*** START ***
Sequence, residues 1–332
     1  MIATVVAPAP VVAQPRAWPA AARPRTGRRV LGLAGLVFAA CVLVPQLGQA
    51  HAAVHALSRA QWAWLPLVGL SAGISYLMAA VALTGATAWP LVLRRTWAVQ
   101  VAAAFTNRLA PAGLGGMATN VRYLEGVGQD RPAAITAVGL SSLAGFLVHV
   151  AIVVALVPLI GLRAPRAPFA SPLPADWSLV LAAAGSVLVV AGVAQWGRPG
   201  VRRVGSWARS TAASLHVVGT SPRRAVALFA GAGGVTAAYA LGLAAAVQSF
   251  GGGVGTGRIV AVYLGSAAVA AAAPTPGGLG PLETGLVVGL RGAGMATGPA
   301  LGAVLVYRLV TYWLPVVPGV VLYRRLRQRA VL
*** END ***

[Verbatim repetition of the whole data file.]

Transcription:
Sequence, residues 1–332
     1  MIATVVAPAP VVAQPRAWPA AARPRTGRRV LGLAGLVFAA CVLVPQLGQA
    51  HAAVHALSRA QWAWLPLVGL SAGISYLMAA VALTGATAWP LVLRRTWAVQ
   101  VAAAFTNRLA PAGLGGMATN VRYLEGVGQD RPAAITAVGL SSLAGFLVHV
   151  AIVVALVPLI GLRAPRAPFA SPLPADWSLV LAAAGSVLVV AGVAQWGRPG
   201  VRRVGSWARS TAASLHVVGT SPRRAVALFA GAGGVTAAYA LGLAAAVQSF
   251  GGGVGTGRIV AVYLGSAAVA AAAPTPGGLG PLETGLVVGL RGAGMATGPA
   301  LGAVLVYRLV TYWLPVVPGV VLYRRLRQRA VL